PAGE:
D’Arcy admits to an “infatuation” with it, describing his compendium as a work of salutation. His evocative writing gives space to what he calls “the aesthetic, the apocryphal and the mildly philosophical”, and is complemented by his appealing watercolour drawings of wild flowers and the landscape.

In his endlessly informative ramblings, he captures the genius loci, whether witnessing the mass hatch of the mayflies at Lough Bunny and their mating dance, or the first glimpse of a spring gentian after a grey winter. Through his friendship with scholars and “floral buffs”, he brings out their shared interest in topophilia. An unashamed tribute to the Burren and its enduring beauty, this handsome book is a love letter to a place that keeps giving.

Human geography

Celebrating landscape is also the theme of Living Locally by Erica Van Horn (Uniform Books, €12), an American woman’s portrayal of living near the Knockmealdowns in south Tipperary. Van Horn’s book covers five years, concentrating on the minutiae of her patch and its human geography.

She delights in colloquialisms, pishoguery and vivid expressions: Shallykabulies are snails, Mother of Household is a Tipperary apple, the Cock’s Step equates to the amount of extra daylight after the winter solstice, while if someone is “Walking the Houses”, it means they are checking the outbuildings are secure. Many neighbours are described by their local names and we meet May the Halfway, Mickey the Boxer, Tom Smoke, and John the Post.

Mini-dramas, such as finding a dead mouse in the wine cupboard, helping control a cattle breakout, or dealing with the hardships of frozen pipes in winter are recounted. The author does not shy away from the darker side of rural life since her diary includes detail of suicides and the murder of a local girl.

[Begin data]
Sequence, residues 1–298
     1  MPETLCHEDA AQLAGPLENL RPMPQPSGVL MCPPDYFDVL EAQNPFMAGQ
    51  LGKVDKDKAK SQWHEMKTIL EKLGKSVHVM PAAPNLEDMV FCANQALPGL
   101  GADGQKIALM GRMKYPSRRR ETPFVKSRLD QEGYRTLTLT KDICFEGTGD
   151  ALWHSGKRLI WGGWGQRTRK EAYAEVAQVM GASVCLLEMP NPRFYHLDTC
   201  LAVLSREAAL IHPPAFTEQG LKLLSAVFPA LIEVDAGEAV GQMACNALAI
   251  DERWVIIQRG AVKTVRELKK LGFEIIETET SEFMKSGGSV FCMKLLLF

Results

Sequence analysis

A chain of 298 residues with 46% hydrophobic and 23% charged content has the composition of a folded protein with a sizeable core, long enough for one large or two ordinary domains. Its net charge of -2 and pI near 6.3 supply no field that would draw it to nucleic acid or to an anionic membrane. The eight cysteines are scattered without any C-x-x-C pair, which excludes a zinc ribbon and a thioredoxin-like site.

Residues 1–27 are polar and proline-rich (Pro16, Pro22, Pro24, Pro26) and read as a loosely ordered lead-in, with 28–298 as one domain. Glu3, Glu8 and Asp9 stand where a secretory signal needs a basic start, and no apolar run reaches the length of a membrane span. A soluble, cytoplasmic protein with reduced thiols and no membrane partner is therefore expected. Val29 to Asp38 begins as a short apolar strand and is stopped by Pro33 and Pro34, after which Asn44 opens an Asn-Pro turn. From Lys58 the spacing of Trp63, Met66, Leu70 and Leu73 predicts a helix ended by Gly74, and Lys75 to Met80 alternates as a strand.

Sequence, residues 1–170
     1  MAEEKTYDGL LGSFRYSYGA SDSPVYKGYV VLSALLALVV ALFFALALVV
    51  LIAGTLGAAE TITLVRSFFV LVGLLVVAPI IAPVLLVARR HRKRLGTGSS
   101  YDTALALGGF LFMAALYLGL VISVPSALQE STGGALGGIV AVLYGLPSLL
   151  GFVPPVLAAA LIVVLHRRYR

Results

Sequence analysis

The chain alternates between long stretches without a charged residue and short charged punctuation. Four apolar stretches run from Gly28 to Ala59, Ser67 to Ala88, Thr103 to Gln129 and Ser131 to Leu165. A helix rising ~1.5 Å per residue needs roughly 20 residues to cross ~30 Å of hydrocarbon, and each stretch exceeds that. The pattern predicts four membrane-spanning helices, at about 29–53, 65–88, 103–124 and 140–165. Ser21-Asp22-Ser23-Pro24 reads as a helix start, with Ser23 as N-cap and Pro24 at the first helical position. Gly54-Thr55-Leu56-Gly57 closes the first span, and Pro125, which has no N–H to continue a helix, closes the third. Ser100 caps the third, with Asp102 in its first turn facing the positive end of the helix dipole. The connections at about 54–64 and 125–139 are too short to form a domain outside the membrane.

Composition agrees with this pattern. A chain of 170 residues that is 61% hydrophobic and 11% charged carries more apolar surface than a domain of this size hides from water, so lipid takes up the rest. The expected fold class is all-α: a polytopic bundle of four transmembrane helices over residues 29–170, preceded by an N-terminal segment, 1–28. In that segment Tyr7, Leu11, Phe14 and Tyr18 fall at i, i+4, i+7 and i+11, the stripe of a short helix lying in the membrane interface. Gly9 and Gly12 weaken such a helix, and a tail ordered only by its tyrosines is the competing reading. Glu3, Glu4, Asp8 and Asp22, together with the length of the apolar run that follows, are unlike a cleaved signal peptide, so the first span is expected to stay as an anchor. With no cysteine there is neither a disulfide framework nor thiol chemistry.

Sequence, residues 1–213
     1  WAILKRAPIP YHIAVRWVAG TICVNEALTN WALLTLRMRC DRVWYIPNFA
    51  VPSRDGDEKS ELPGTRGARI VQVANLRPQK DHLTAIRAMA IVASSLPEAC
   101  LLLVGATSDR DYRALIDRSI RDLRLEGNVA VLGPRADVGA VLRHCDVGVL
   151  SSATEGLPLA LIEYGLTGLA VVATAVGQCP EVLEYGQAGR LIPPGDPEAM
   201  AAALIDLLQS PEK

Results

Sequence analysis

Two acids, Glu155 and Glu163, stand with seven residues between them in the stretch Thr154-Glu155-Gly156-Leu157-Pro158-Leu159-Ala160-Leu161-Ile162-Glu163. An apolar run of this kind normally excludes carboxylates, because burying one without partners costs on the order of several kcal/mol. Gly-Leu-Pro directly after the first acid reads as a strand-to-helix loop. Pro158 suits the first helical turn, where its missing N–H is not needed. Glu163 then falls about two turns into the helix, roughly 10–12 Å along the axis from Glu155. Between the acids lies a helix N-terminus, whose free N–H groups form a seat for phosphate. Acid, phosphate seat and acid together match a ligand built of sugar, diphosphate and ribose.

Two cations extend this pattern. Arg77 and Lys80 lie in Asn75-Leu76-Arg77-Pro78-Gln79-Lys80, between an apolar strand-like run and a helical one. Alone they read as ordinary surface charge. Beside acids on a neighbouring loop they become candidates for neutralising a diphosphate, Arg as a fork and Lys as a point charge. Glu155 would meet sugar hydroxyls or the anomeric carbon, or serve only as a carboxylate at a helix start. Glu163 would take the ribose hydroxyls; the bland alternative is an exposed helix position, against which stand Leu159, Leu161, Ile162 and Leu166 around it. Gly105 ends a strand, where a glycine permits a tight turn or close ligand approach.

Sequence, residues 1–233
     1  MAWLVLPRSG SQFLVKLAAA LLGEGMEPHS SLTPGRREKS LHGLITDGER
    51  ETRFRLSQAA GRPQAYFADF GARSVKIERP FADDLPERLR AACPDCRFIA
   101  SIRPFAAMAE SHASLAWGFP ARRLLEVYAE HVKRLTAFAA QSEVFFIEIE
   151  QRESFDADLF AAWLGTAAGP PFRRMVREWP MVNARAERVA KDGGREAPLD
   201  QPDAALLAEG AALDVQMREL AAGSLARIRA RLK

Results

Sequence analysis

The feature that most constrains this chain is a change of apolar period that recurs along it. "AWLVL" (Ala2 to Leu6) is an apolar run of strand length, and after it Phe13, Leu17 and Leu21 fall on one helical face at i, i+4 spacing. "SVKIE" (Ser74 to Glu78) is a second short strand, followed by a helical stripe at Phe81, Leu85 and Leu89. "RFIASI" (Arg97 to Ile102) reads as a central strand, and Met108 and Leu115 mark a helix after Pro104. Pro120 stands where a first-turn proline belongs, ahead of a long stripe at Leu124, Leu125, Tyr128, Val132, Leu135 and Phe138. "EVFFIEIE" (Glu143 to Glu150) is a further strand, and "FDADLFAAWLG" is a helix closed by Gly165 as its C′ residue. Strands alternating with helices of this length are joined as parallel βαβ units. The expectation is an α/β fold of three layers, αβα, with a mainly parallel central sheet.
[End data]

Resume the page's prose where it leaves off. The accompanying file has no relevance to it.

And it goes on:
Training soldiers

The Curragh Camp in Kildare has played a significant part in shaping Irish history. In Soldiers of the Short Grass, A History of the Curragh Camp (Merrion Press, €15) Dan Harvey covers a wide spectrum of topics since its establishment in 1855 to train soldiers for the Crimean War. As a military landmark, the Curragh became a battlefield training ground for many other wars in the late 19th and early 20th century.

Twelve crisply written chapters – six when the camp was under British rule, and six from the Irish Civil War – deal with specific periods. The early ones delve into military tactics, training in the British army in the Victorian era, and the War of Independence, while the second half considers the Civil War, the State of Emergency and the Irish Army’s present day international role in overseas UN peacekeeping operations. The author describes this new departure as a farsighted decision by taoiseach Seán Lemass and sees it as the single most significant development in the history of the Defence Forces since the foundation of the state.

Paul Clements is the author of “Wandering Ireland’s Wild Atlantic Way: From Banba’s Crown to World’s End”, published by the Collins Press.